5. What three things will most help you improve in the role?

Explaining & Measuring Behaviours
Common sense usually tells us how we should behave in the workplace, but outlining some key behaviours on paper for your employees can help inform and shape their on-the-job performance. Ask the employee, “What behaviours do you value in the workplace?” and “What behaviours do you think are inappropriate?”
You can also give the employee some practical tools for managing their own behaviour and the behaviour of others. This can include suggestions like:
“Speak to and listen to others in the same way you wanted to be spoken to and listened to”
“Set boundaries on how you want or expect to be treated” and train others to treat you in appropriate ways
“Maintain a positive and open attitude when communicating to create flow and synergy in the workplace”
Appraisals & Follow-Up Meetings
Appraisals and follow-up meetings should be held at specific times throughout the year. If your employee is new, you might hold a follow-up meeting after they have passed probation.
For current employees, a follow-up meeting mid-way through the year or at the end of each quarter may be most beneficial.

  1. Appraisals and subsequent Performance Reviews should include:
  2. A positive reminder of how far they employee has come; you can ask them to perform a self-appraisal in the first instance, before you move on with your review and feedback.
  3. A review of each goal and KPI and how/if the employee achieved it. You should ask the employee what he/she learned from the process, what was done excellently and what could be improved next time. Use the rating system you have established to evaluate each achievement.
  4. A discussion about whether any goals, KPIs or general expectations should change.
  5. A discussion about any negative aspects of the employee’s progress or behaviour. When giving negative feedback, remain honest, clear and professional.

If the employee has performed spectacularly, you can also use this opportunity to discuss any rewards, promotions or monetary returns.
Reviewing Your Manager-Employee Relationship
Your review should end with an open discussion on the dynamics of your manager-employee relationship. Ask the employee for honest feedback and inquire what you could do to further support them.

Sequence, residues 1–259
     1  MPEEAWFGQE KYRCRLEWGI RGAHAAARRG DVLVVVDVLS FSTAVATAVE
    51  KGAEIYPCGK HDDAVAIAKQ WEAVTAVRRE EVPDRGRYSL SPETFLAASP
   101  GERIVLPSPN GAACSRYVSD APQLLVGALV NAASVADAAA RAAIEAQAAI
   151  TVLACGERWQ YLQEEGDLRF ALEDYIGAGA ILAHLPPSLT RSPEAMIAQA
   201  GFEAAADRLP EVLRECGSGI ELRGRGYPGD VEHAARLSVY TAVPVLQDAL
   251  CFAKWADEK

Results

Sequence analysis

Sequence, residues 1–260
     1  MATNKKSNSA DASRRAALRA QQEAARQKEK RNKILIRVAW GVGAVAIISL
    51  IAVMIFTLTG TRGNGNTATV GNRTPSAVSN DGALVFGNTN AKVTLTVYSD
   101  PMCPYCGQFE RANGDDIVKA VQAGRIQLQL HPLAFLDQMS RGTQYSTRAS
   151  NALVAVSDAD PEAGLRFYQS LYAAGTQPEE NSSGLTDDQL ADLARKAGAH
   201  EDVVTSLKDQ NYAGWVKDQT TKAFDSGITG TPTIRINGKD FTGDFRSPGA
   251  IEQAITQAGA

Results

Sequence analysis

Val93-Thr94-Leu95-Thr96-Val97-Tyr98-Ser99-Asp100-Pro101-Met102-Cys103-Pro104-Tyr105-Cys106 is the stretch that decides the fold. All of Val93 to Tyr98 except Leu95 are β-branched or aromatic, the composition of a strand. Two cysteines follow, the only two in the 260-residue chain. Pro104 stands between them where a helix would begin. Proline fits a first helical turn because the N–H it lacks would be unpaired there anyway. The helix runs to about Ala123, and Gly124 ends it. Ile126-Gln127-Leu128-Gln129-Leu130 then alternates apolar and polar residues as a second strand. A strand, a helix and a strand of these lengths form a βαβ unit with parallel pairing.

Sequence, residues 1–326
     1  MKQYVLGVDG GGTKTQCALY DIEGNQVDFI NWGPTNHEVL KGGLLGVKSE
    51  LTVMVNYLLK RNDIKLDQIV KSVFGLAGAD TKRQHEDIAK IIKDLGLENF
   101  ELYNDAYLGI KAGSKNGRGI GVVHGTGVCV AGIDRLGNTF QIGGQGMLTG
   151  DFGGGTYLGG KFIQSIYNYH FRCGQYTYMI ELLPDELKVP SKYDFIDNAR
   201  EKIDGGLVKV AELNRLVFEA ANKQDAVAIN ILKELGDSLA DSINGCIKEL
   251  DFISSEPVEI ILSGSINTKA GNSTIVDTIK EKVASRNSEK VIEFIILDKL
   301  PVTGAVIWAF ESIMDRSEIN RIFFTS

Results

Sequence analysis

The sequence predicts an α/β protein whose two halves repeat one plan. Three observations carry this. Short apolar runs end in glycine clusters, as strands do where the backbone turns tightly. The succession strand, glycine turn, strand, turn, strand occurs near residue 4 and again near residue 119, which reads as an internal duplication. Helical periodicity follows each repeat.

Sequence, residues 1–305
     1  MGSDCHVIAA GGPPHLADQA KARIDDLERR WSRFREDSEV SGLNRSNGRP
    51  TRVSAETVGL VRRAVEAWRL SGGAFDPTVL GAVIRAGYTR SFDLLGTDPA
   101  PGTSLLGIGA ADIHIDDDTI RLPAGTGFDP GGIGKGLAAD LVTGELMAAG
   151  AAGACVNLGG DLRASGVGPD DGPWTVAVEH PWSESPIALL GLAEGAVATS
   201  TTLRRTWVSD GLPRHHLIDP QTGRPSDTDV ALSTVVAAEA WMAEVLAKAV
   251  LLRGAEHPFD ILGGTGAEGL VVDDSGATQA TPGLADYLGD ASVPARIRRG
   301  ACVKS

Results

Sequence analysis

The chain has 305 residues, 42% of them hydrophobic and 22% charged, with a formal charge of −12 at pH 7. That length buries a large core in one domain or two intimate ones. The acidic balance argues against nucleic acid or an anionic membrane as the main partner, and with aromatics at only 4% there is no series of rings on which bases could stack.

Some great questions that encourage open dialogue include:

  1. What can I do to motivate you more?
  2. How can I be more helpful in regards to your tasks/duties?
  3. Do you want me to be more involved or less involved with your role?
  4. How can I contribute to your learning, experience and education on the job?
  5. If you were in my shoes, what would you change?

At the end of the day, make sure that everything you discuss and decide with your employee is documented. This makes it easy for you both to refer back to what has been talked about and will give you a strong platform for each separate performance review.
Like the summary or have something to add? Please let us know by commenting or interact with us.

Dan Petrovic, the managing director of DEJAN, is Australia’s best-known name in the field of search engine optimisation. Dan is a web author, innovator and a highly regarded search industry event speaker.

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2 thoughts on “You Don’t Need a HR Department to Conduct Great Performance Reviews”

  1. James Norquay says:

    I have worked in companies with HR departments and you still don’t have HR doing the performance review. You would always have your direct line manager doing a performance review. The thing with SEO and online marketing some times it can be tricky to set KPI’s you really need to work with your employees to set KPI’s every one can agree with and work towards achieving.

  2. Robert Bacal says:

    Not only do you not need an HR department, but we’d all best be served if we ditched all the forms foisted off on managers and employees. It’s about clarity of communication, not form filling. For a video on why perhaps HR should be out of the business of performance reviews, check out: